The city of Grand Island approved in dramatic fashion Tuesday night an amendment protecting LGBTs from discrimination in the city hiring process. The amendment required two-thirds of the council overriding a mayoral veto of the proposal.
Councilman Larry Carney proposed the amendment, just one month after he proposed a similar citywide amendment that failed in an 8-2 vote.
Tuesday, many of the same people that spoke in favor of the previous amendment once again spoke in favor of the revised amendment.
The new amendment changes ‘sex' to ‘sexual orientation' in the City of Grand Island's Personnel Rules and Regulations §1.03, which states:
The City of Grand Island affirms its commitment to providing a work environment that does not discriminate in employment opportunities or practices on the basis of race,color, religion, sex, mental or physical disability, marital status, national origin, orgenetic information. The City will operate in full compliance with applicable federal, state, and local laws prohibiting discrimination in employment. This policy governs all aspects of employment, including selection, job assignment, compensation, discipline, termination, and access to benefits and training. Anyone found to be engaging in any type of unlawful discrimination will be subject to disciplinary action, up to and including termination of employment.
The amendment was originally approved in a 6-4 vote, with council members Carney, Ramsey, Minton, Donaldson, Gericke and Niemann voting in favor. Council members Nickerson, Gilbert, Dugan and Haase voted the amendment down.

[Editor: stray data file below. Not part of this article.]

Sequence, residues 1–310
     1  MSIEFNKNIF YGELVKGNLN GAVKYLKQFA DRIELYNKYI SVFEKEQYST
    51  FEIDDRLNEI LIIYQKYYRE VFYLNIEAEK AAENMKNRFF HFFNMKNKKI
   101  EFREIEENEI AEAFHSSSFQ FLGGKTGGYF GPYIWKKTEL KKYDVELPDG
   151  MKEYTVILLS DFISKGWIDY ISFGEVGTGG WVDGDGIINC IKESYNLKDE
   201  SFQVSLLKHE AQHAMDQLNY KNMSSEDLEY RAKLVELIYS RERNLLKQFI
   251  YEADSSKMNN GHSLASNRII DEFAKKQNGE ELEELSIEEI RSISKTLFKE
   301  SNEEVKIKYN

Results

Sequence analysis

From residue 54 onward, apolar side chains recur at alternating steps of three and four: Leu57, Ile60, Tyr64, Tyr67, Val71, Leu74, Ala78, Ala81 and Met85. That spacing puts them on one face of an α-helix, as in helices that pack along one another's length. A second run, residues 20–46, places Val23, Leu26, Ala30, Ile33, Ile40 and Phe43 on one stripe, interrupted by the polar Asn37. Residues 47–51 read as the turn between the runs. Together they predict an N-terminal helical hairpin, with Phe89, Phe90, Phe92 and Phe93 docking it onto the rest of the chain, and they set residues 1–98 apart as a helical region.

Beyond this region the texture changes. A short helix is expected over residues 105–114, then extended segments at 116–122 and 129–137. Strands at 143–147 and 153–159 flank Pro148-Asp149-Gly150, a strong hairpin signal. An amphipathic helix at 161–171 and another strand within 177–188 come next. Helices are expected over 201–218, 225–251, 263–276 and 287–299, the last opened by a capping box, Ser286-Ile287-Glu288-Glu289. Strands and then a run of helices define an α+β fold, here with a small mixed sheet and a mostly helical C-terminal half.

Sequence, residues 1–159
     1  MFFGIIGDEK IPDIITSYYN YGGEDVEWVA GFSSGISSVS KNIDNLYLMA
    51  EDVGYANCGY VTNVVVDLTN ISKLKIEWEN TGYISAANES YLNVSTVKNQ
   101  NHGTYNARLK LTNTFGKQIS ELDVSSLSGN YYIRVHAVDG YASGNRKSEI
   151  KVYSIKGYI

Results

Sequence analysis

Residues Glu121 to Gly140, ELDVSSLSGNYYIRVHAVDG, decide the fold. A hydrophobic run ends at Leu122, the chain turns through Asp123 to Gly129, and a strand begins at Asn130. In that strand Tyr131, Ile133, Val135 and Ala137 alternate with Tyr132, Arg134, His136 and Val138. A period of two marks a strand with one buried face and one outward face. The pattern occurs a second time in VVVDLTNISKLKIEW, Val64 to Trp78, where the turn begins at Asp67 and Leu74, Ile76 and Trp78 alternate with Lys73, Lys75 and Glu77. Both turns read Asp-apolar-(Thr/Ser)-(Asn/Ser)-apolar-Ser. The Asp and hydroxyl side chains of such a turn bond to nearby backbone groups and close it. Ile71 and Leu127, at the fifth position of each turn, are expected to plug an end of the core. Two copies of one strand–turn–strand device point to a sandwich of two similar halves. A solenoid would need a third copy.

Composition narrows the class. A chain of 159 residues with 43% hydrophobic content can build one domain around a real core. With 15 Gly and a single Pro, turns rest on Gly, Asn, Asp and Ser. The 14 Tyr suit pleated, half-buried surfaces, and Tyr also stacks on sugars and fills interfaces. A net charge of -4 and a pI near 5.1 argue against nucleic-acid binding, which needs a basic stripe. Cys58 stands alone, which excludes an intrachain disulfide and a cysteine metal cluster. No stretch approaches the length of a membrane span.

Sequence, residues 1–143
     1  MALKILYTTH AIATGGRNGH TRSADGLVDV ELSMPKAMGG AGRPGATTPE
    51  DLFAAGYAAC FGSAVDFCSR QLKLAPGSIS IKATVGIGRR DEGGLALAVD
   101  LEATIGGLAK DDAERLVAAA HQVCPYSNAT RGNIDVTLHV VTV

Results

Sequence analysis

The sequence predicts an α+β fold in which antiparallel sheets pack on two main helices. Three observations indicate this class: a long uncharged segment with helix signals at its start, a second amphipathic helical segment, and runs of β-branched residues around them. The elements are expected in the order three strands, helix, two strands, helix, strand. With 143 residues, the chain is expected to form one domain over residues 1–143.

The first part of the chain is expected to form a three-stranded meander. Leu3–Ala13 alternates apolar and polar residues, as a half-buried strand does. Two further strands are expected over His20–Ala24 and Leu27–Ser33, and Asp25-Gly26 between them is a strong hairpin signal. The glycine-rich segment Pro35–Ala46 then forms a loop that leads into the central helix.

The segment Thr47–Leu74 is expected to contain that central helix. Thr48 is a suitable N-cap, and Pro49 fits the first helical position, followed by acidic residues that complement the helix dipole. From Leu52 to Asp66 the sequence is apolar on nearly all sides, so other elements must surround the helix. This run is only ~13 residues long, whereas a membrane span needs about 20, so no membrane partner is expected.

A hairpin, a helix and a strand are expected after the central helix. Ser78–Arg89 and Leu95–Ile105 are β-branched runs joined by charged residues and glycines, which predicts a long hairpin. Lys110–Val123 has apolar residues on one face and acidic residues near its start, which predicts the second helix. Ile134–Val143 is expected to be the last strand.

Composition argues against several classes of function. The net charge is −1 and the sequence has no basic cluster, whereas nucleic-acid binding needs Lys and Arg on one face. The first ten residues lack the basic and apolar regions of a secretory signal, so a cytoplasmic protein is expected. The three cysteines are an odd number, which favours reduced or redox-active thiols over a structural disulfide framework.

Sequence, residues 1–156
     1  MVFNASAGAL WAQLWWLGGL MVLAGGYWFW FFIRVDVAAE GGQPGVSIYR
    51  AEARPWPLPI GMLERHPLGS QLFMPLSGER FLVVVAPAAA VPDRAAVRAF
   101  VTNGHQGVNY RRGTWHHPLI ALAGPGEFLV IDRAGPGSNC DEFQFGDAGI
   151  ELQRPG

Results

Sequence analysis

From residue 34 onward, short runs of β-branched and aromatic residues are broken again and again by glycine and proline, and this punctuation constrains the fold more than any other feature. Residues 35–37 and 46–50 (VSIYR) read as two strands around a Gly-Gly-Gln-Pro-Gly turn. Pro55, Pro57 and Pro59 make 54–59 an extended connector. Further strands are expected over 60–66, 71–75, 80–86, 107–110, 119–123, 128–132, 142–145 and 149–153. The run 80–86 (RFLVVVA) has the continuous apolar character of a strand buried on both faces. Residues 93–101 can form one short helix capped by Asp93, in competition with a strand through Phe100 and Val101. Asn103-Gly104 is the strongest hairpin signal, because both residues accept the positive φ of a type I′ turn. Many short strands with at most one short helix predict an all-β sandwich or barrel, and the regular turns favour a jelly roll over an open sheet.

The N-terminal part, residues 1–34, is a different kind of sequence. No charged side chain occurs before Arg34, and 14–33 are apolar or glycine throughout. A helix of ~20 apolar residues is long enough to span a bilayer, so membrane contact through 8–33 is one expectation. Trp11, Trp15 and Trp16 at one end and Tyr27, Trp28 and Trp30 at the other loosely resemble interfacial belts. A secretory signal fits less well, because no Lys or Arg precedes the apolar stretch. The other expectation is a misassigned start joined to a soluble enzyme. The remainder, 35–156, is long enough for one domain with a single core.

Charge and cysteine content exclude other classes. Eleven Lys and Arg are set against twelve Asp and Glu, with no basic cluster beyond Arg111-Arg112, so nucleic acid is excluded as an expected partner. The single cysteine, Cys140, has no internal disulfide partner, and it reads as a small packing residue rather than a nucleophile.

Many of the same reasons were given for both sides of the issue. Council President Peg Gilbert said it's not a local issue, Councilman Haase said it was inappropriate for the city to take action on what he saw as a state and federal issue. Councilman Carney argued it was the right thing to do, alongside council members Ramsey and Donaldson.
But, the 6-4 vote was not the end of the debate. Immediately following the results of the council vote, Mayor Jay Vavricek took over proceedings declaring the issue not done with discussion. At that point he asked each council member who voted in favor to restate their reasons for their decision.
Councilman Gericke said in his six year tenure he had never seen anyone ask the council to do this. Although it was a rare event, all council members both for and against obliged the mayor in his request.
At the end of their restatements, the mayor vetoed the measure citing the need for more public feedback.
At that point, Councilman Carney made a motion to override the mayor's veto. When the council took a vote, two members Nickerson and Haase, joined the other six original members in favor of the measure. Nickerson said, although he was on the losing end of the argument, he respected the majority's decision and would approve the override.
That move, gave the two-thirds majority needed to approve the amendment against the mayor's will. Council members Gilbert and Dugan voted against overriding the mayoral veto.